At a certain stage in our martial arts journey, we realise that we have undertaken something different from most sporting pursuits, or more than just training the body.  The more evolved martial arts dojos have leaders that realise that the training requires a mental and spiritual component as well.

As a teacher, it is humbling to see the powerful transformations in students – both children and adults – as they embrace all the elements of martial arts training.  One of the key lessons that students learn is that nothing of value is achieved without effort.

Make An Effort

“Making an effort” starts with the small things, such as attending training when you are tired or would rather sleep in, pushing through the minor injuries, or not listening to the little inner traitor voice that says “I can’t”. You must know deep down that you can achieve amazing things just by consistently turning up and giving your best.

Four Stages of Competence (Noel Burch / Abraham Maslow)

In psychology, there is a learning model called the four stages of competence:

(If interested, there is summary information on the competence learning model on Wikipedia)

As a martial artist looking back on your journey so far, can you see yourself moving through all of these stages? To be honest, I am still working to achieve “unconscious competence” in many areas, maybe even “conscious competence”.

But I respectfully suggest that the model does not embrace the stage of excellence, and even beyond that to mastery. In order to understand that, we can always turn to our martial arts ancestors – the Samurai (from Hagakure – Way of the Samurai – my comments in bold italics):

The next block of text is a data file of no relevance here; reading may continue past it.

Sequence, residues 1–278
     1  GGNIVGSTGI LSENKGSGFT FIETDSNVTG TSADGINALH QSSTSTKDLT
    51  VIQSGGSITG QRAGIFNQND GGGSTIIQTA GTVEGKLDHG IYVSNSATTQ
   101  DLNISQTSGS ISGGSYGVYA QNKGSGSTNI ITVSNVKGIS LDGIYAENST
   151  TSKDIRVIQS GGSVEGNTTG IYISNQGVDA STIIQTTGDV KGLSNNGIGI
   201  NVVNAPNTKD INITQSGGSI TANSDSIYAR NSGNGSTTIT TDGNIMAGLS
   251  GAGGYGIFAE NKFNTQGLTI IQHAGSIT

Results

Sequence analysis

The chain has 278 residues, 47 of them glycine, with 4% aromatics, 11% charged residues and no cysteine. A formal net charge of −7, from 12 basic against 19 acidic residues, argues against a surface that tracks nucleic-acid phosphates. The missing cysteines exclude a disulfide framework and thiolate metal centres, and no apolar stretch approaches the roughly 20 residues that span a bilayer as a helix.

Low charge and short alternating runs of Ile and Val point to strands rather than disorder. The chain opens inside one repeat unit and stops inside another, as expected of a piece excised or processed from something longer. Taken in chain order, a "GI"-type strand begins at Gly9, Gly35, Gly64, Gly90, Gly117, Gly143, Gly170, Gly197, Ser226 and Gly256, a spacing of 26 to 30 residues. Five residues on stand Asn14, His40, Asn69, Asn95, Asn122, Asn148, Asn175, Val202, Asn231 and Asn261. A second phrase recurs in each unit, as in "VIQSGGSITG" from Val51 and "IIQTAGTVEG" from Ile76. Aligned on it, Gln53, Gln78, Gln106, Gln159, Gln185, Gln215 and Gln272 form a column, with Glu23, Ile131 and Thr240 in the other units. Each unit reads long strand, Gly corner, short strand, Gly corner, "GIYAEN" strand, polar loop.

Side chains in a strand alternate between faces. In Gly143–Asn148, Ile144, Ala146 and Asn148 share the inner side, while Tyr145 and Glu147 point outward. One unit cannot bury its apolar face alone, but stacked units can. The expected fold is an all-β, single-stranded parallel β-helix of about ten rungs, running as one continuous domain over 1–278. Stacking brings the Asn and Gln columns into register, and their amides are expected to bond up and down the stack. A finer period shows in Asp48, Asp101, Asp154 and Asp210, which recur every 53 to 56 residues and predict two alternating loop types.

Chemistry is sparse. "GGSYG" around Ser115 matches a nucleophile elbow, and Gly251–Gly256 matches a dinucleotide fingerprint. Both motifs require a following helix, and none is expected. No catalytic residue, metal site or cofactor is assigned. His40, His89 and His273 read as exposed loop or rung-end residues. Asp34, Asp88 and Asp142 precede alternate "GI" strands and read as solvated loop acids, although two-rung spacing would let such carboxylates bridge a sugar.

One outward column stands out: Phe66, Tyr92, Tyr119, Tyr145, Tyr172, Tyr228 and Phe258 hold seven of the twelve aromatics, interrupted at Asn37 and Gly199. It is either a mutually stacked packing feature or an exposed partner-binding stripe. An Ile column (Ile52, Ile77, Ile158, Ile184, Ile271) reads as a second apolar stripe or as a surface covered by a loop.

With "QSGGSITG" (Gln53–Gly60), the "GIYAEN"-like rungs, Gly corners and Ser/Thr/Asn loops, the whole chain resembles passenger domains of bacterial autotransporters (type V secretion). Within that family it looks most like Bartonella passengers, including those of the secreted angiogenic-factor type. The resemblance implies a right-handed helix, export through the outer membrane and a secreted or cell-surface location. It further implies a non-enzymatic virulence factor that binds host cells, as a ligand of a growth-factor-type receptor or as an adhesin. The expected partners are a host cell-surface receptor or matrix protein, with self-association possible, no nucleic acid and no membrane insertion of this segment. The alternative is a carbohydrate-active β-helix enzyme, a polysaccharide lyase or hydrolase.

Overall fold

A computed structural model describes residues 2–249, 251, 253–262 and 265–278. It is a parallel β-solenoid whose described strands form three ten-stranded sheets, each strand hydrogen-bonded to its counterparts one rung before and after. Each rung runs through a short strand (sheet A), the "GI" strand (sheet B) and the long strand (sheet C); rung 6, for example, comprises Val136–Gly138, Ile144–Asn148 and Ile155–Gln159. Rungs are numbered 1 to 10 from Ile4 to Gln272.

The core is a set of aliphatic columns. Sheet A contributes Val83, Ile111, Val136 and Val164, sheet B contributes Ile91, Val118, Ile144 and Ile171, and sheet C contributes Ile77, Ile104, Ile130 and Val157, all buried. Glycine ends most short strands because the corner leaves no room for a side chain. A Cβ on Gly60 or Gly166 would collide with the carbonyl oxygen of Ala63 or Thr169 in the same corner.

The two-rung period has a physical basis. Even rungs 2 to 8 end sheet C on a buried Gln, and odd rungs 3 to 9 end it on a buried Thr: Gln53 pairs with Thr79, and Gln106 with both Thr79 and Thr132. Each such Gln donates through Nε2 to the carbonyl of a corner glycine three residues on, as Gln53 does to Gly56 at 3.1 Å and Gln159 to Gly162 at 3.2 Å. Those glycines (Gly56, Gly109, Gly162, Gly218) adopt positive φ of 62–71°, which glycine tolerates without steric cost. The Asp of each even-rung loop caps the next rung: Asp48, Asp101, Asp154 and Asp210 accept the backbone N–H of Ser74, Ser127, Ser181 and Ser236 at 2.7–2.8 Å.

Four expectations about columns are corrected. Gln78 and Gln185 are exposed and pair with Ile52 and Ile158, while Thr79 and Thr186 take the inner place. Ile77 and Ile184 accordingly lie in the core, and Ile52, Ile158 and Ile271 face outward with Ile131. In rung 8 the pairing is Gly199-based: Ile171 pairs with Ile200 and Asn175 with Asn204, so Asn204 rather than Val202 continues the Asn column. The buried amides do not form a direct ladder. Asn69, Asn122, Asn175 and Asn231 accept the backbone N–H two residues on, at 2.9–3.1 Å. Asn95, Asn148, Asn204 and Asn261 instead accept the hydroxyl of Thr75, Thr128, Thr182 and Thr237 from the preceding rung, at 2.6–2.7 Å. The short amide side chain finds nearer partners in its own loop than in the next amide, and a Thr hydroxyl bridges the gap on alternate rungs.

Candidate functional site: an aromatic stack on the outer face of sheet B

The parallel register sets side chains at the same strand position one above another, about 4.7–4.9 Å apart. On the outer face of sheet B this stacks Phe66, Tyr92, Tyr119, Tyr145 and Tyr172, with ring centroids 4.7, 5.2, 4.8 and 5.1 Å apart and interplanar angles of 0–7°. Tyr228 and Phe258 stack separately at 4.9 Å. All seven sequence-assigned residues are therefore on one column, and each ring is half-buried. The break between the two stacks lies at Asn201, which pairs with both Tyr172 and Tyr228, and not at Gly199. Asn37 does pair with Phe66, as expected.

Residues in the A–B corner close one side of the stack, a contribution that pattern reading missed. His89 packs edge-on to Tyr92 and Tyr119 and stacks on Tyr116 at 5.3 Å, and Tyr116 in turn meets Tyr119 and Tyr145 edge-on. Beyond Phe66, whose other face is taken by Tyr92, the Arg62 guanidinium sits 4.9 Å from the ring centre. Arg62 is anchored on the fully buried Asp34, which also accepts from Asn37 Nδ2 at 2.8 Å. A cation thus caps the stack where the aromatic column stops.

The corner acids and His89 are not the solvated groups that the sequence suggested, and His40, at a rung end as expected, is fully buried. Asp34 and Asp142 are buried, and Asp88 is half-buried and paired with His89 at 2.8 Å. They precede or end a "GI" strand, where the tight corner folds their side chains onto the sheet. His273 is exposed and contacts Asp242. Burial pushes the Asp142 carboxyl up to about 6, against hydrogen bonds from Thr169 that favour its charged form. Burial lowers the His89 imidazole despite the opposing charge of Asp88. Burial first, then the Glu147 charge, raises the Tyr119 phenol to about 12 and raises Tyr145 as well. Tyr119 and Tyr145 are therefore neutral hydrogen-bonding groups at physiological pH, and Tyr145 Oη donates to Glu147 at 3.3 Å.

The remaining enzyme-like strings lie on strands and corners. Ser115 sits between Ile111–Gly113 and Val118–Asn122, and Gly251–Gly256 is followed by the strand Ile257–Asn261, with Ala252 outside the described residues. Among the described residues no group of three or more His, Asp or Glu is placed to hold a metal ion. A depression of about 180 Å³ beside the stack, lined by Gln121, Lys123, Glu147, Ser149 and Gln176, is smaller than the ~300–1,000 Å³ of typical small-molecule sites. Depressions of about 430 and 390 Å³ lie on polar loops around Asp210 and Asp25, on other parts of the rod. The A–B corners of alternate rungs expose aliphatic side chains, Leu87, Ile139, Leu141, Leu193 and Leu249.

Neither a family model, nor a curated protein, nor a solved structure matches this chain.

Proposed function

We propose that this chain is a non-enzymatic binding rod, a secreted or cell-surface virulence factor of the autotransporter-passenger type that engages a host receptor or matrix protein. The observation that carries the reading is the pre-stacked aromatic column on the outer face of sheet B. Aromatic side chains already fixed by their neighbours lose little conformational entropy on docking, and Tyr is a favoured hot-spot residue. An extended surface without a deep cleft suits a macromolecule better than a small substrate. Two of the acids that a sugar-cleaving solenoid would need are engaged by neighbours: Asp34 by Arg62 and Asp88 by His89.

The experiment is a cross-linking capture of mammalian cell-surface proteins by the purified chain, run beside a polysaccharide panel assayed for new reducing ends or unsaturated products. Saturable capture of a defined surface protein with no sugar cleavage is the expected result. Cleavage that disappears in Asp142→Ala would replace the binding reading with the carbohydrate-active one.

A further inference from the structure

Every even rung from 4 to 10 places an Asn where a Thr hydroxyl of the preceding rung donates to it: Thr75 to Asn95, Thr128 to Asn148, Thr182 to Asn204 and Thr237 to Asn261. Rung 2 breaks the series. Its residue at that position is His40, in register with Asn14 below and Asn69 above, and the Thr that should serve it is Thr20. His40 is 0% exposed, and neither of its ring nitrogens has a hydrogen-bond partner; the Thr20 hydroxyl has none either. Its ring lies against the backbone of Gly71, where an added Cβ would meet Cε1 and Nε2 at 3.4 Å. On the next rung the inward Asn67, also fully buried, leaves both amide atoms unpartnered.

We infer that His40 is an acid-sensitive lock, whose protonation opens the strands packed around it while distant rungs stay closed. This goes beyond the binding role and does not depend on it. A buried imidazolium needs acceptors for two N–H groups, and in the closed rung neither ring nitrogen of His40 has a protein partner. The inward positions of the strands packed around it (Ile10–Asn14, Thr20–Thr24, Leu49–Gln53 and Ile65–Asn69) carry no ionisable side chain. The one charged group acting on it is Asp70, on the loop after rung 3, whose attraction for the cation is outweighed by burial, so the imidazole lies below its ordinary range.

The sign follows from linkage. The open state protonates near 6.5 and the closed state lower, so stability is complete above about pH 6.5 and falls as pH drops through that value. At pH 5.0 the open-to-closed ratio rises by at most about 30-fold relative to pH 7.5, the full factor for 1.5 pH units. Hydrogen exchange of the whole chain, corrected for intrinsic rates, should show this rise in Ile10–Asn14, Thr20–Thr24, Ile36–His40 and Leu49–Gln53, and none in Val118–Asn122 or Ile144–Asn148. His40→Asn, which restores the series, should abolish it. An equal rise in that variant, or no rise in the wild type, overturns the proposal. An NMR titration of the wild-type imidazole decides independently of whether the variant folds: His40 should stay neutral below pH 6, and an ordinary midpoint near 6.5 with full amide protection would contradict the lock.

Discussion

In one’s life, there are levels in the pursuit of study. In the lowest level, a person studies but nothing comes of it, and they feel that both themselves and others are unskilful. At this point, they are worthless ~ unconscious incompetence

In the middle level, they are still useless, but are aware of their own insufficiencies and can also see the insufficiencies of others ~ conscious incompetence

In a higher level, they have pride concerning their own ability, rejoices in praise from others, and laments the lack of ability in his fellows. This person has worth ~ conscious competence

In the highest level, a person has the look of knowing nothing ~ unconscious competence / excellence

These are the levels in general:

But there is one transcending level, and this is the most excellent of all. This person is aware of the endlessness of entering deeply into a certain Way and never thinks of themselves as having finished ~ excellence to mastery

They truly know their own insufficiencies and never in their whole life thinks that they have succeeded ~ embracing the journey and the lifelong effort to continuously improve

They have no thoughts of pride, but with self-abasement knows the Way to the end. It is said that Master Yagyu once remarked, “I do not know the way to defeat others, but the way to defeat myself” ~ effort and self-correction

Throughout your life advance daily, becoming more skilful than yesterday, more skilful than today. This is never-ending ~ the lifelong martial arts journey

Conclusion

So, put in the effort. If you do this, it will lead to excellence. Let’s work on this together. See you in the dojo to help “build a better you”.

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